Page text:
My first real experience came with a cab ride I took from the airport to my hotel. The driver gladly accepted the credit card payment and asked for an additional tip on top of it, which was more than 20% of the total fare. Feeling uncertain, I gave him what I thought was a generous amount and thanked him politely for his service.

At the end of my trip, I felt like I had a better understanding of New York’s tipping culture. While it could be intimidating for someone who isn’t used to it, tipping is something that should generally be expected in order to show appreciation for the service provided. With some preparation and knowledge of how much to tip, it can be a pleasant experience for both the customer and the service provider.

But it’s important to keep in mind that tipping should never be mandatory or expected. If the service provided is not up to par, customers should not be obligated to tip as a courtesy. In some cases, it may even be appropriate to provide feedback instead of tipping in order to ensure that service quality can be improved in the future.

I live in Arizona and usually tips are around 10-15%. In my area, tips of 10-15% are usually the norm. Tipping is not as common in Arizona as it is in other parts of the US, but it does still occur. For example, when dining out at restaurants, tipping 15-20% is customary. And when taking a ride share or taxi service, it’s expected to tip the driver between 10-15%.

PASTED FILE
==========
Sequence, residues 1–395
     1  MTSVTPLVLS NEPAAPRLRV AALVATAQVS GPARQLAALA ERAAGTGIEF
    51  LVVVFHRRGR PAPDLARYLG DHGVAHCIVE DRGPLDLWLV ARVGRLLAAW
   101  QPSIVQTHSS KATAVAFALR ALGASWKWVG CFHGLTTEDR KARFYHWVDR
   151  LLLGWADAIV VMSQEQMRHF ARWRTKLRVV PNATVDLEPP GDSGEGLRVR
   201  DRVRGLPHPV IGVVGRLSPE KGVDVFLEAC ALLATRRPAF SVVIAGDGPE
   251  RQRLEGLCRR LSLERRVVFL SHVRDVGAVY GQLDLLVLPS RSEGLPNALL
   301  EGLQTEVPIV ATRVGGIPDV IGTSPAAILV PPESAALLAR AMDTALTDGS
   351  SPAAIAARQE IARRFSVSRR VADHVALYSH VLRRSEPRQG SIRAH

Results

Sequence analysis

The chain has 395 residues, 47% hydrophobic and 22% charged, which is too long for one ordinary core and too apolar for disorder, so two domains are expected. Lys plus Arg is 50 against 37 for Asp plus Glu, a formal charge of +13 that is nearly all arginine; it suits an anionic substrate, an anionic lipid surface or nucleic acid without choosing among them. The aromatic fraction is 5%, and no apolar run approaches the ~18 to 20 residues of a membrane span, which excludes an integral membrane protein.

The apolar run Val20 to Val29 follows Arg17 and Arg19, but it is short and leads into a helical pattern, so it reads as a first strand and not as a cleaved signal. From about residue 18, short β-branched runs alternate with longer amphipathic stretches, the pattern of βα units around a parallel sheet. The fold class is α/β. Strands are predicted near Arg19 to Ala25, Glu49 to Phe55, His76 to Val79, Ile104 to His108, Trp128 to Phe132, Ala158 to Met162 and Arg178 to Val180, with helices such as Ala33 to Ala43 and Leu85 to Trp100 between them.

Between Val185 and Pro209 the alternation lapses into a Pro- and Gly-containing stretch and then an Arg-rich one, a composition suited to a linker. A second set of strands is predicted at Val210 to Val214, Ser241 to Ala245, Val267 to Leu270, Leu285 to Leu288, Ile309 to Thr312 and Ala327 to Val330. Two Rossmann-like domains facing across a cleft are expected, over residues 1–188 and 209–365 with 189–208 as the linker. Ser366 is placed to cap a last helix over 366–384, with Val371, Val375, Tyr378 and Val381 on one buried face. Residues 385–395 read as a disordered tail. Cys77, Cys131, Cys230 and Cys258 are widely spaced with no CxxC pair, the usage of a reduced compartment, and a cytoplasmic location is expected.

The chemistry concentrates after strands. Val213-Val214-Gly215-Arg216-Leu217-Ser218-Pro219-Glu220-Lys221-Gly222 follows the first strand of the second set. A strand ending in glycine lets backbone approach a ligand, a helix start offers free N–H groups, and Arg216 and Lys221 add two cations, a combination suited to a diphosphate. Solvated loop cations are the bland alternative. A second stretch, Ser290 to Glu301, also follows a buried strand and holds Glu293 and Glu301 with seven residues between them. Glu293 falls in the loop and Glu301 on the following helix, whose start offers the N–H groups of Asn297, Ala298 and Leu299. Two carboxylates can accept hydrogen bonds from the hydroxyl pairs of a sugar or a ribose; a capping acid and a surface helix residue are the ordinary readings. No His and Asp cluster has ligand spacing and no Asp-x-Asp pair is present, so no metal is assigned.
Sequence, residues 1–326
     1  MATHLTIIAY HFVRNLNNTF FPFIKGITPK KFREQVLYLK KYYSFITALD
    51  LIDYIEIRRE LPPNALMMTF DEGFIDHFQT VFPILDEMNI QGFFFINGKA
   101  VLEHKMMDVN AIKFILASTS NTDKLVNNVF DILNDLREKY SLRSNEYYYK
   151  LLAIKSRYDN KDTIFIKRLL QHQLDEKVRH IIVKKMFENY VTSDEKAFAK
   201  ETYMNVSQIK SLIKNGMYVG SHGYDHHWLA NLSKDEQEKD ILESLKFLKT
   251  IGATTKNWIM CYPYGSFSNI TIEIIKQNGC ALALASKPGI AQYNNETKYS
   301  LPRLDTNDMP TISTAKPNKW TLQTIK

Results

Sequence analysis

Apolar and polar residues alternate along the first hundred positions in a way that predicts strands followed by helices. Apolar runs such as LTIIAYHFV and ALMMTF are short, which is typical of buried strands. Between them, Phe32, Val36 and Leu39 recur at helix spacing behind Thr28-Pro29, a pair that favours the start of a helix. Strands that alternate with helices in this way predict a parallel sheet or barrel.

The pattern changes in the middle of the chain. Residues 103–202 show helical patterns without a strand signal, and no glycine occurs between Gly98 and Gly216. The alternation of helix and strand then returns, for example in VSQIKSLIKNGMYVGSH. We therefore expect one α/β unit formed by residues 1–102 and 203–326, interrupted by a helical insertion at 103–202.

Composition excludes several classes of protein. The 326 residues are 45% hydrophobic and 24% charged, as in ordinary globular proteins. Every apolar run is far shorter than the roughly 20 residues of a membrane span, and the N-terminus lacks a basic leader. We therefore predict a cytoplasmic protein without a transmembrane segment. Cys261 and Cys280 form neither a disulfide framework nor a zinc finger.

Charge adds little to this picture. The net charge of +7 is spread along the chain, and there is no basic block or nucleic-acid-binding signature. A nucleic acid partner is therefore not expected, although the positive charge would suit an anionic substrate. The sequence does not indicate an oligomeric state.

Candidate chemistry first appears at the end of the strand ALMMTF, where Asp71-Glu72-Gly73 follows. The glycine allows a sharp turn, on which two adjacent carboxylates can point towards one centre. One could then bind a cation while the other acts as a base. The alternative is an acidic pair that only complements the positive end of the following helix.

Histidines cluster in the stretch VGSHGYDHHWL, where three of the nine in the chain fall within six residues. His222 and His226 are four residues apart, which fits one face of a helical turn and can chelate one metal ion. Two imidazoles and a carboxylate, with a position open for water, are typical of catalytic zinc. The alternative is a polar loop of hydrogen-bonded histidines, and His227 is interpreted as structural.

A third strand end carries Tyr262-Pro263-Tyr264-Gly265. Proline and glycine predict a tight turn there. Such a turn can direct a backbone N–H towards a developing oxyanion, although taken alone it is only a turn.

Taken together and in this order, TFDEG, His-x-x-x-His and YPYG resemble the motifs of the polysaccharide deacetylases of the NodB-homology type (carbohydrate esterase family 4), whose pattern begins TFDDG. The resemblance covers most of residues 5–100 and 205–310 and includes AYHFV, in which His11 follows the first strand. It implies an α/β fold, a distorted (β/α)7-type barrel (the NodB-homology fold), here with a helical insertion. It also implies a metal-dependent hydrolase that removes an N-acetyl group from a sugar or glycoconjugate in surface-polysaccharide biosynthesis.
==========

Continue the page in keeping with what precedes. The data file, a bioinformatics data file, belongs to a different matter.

Travel Writer Rebecca Webber: 

As a Brit, automatically tipping rubs me the wrong way. But on a recent trip to New York, I figured I should be a “good guest” and tip the usual 20% in bars and restaurants as I had on my last New York holiday.

What shocked me on my latest visit to Manhattan is that 20% is now considered a poor tip. Not only that, I was presented with a tablet when buying a pastry at a bakery counter, suggesting a tip of almost 50%. There was no waiter or waitress, so who, and what service, was I tipping?

Sure, tipping culture in the US is different from the UK, but this “tipflation” is out of control, making trips to New York even more expensive.

  • Title photograph shows a restaurant bill at a New York Italian restaurant in September 2024. (Credit: William J. Furney)